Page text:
8.  I think the movie greatly overstates Puff Daddy’s role in Biggie’s music, if not his life.  There’s no mention of anybody who made music for Biggie.  If you look at the credits on Ready to Die, Puff didn’t make that many of the beats and all the ones he did he co-produced.  He was the executive producer, sure, but not mentioning at least like Easy Mo Bee or Premier seems like a sin of omission.

9.  They should make a biopic about Pimp C.  I know this contradicts the rule I’m trying to establish in number 4, but Mama Wes is cool and seems to have a pretty well-rounded image of her son without too many illusions (check out the interview with her on the excellent Damage Control tribute radio show), so I’m willing to let it slide.  I have no idea of who would be capable of playing Pimp C, but if it were done right, it could be a great movie.

10.  So, yeah, bottom line, you’d probably be better off saving your money and spending a few hours watching Biggie videos.

Kickoff/My Favorite Album From Last Year

January 15, 2009

So I didn’t really get this thing started when I’d wanted to.  Oh well.  I thought I’d try to get an actual start to this blog by talking about a few of the albums I liked from last year.  It may be already too late for anyone to care about records from last year, but it seems like as good a thing to talk about as anything else.  It’s also not a very comprehensive list for a variety of reasons–I was out of the country for half of the year, and broke for most of the rest, so my new music consumption was a lot less avid than usual.

All that said, I do have what I think is a pretty definitive album of the year: Young Jeezy’s The Recession.  I feel kind of funny naming it the album of the year, because I don’t really think it’s  better or even much than his last album (which I liked a lot) in any sort of objective way.  I guess it’s a little tighter, more consistent, but I don’t think anyone listens to Jeezy albums for consistency anyway.  The reason that I got into The Recession so much more than The Inspiration is just that it fit into 2008 way better for me than The Inspiration did for 2006.  To be fair, I think it’s more a case of everybody catching up to Jeezy than the other way around, because, like I said, he didn’t really change anything.  And it’s not the whole “it’s a recession and my album’s called The Recession” angle, which was kind of dumb, but rather the more subtle contrast Jeezy creates between his “uplifting” get-money persona and the bleak and depressing character of the beats and pretty much everything on the album.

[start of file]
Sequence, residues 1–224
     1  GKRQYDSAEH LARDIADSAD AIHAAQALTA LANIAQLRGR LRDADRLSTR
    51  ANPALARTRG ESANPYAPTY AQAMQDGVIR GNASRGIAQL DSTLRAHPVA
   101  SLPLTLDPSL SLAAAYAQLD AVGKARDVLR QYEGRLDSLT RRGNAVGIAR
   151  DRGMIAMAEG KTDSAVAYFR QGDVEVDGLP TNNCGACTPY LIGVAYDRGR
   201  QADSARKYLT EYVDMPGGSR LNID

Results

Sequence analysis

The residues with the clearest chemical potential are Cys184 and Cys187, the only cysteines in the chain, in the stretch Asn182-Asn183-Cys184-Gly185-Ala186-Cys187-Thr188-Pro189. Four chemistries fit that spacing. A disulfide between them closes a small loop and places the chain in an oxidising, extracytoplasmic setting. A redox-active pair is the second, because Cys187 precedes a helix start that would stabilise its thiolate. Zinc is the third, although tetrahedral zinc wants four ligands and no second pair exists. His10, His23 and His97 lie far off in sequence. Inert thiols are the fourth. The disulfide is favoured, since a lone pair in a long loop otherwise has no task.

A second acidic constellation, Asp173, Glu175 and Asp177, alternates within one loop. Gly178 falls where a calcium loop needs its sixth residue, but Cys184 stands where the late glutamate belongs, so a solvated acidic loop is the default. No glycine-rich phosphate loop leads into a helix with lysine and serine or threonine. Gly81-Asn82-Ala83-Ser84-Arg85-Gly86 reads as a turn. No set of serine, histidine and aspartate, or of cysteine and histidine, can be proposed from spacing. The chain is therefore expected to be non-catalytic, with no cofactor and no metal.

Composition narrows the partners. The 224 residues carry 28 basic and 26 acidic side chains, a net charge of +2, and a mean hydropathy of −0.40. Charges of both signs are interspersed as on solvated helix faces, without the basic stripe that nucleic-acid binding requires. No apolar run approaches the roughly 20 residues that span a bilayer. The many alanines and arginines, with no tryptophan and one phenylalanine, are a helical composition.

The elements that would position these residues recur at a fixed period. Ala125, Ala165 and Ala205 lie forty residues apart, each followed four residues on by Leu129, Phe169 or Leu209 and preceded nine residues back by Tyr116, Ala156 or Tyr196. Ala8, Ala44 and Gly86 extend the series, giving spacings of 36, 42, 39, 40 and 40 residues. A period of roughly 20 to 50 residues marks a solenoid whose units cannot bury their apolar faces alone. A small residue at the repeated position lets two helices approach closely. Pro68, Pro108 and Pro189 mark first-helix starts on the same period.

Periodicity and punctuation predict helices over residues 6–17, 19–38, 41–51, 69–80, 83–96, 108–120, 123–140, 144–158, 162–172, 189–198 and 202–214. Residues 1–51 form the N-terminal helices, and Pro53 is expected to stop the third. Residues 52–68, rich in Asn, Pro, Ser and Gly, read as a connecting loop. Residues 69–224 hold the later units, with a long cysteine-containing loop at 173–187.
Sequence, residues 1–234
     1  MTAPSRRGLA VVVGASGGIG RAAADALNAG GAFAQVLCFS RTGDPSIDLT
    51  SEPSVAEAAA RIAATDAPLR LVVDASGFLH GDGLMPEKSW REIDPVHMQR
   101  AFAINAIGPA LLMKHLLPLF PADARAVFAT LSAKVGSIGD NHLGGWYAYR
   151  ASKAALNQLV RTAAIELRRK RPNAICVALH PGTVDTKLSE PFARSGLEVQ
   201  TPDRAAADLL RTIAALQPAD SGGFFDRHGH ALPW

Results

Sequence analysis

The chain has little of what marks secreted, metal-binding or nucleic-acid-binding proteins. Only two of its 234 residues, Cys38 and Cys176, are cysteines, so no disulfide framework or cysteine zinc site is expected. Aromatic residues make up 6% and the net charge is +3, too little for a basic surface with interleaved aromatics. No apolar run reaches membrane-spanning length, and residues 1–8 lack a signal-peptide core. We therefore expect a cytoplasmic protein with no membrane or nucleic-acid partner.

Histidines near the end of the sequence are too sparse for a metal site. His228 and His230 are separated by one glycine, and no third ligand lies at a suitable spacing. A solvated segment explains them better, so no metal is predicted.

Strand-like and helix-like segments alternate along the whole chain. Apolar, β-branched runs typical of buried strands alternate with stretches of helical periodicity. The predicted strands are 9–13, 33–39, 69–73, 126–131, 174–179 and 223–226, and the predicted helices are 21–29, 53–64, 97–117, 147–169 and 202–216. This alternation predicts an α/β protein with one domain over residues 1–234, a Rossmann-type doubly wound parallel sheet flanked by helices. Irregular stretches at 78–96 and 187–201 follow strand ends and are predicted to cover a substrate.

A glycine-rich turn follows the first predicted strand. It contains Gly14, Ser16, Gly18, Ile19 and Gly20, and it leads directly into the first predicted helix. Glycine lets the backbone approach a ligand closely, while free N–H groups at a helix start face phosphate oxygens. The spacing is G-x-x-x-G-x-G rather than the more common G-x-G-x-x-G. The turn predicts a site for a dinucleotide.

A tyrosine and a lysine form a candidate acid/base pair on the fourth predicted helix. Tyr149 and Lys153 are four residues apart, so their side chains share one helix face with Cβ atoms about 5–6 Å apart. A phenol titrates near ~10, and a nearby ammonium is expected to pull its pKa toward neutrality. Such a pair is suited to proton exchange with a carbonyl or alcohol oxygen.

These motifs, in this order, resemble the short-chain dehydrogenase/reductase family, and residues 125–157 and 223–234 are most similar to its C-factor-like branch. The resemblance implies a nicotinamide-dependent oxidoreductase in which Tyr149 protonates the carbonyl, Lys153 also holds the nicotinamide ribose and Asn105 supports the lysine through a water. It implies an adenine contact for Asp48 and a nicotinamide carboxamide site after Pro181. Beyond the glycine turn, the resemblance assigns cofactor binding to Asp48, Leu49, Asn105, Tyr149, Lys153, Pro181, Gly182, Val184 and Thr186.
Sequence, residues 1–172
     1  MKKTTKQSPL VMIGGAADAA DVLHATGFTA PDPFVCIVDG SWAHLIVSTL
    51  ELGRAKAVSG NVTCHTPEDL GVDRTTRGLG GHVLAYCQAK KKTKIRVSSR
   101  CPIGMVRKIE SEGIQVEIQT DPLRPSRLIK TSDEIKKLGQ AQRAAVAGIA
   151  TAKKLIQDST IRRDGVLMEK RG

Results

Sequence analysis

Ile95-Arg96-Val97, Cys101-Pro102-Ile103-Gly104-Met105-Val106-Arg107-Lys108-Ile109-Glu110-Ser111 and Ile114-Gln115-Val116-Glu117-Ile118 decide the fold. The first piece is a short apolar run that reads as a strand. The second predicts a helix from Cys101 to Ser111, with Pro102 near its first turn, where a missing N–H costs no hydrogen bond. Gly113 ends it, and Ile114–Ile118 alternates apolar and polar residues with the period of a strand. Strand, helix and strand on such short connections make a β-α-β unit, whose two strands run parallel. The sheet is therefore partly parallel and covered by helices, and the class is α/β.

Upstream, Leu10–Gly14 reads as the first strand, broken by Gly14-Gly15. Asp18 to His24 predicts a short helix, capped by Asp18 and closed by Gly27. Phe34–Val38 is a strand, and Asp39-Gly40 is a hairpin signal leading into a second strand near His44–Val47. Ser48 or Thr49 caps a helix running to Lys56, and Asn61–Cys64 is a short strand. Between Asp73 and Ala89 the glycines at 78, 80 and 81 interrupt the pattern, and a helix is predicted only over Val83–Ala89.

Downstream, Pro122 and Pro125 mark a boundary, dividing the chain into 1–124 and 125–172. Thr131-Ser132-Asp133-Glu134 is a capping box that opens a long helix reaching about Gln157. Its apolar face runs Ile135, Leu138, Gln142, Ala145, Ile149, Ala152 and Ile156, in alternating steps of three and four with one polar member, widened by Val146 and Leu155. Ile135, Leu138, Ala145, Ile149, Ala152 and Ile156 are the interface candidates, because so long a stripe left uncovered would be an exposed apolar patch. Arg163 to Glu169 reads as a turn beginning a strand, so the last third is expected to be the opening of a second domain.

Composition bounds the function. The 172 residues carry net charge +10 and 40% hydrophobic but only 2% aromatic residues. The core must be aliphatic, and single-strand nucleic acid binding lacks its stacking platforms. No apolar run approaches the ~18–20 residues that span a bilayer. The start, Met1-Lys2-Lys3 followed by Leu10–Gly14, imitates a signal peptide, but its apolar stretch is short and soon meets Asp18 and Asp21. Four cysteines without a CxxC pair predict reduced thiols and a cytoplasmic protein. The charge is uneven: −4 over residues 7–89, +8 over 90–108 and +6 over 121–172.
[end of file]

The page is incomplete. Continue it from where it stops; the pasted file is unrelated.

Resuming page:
I remember that when I first started hearing Jeezy I thought he was kind of cool but wasn’t really feeling his whole “motivational” persona.  I really hated the song “My Hood” when it came out, and still think it’s pretty weak, precisely because it is built only around the motivational bit.  What I realized when his second album came out is that by his beat selection and the relentlessness with which he sticks to his subject matter, he’s totally undercutting all the supposedly triumphant things he’s rapping about.  I can’t imagine that anyone who listens to him very carefully thinks he’s actually glamorizing drug dealing.  Does The Recession make it sound fun to sell crack?  I don’t think so.

What I like most about this contrast is that he never explicitly calls attention to it (he’s “way too intelligent to play up [his] intelligence”).  Kanye (who I like a lot regardless), for example, will just hit you over the head with how “contradictory” his character is, reminding you constantly that he has both a Benz AND a backpack.  Jeezy never makes it that big a deal he just layers his weird brand of money talk over really visceral bits about the recession and monstrous beats.

The reason that this stuff hits so hard right now is that I think it totally reflects the political climate. You’ve got basically everyone acknowledging just how messed up everything is–the economy, international politics, etc.–but you’ve got a charismatic guy who seems to be super-competent (and Jeezy definitely presents himself as a competent businessman/hustler if not a very distinguished rapper) taking over and somehow, that makes a lot of people pretty optimistic.  So The Recession is my album of the year because in ten years when I want to remember what 2008 was like, this will be the record I put on.  Plus the beats are great.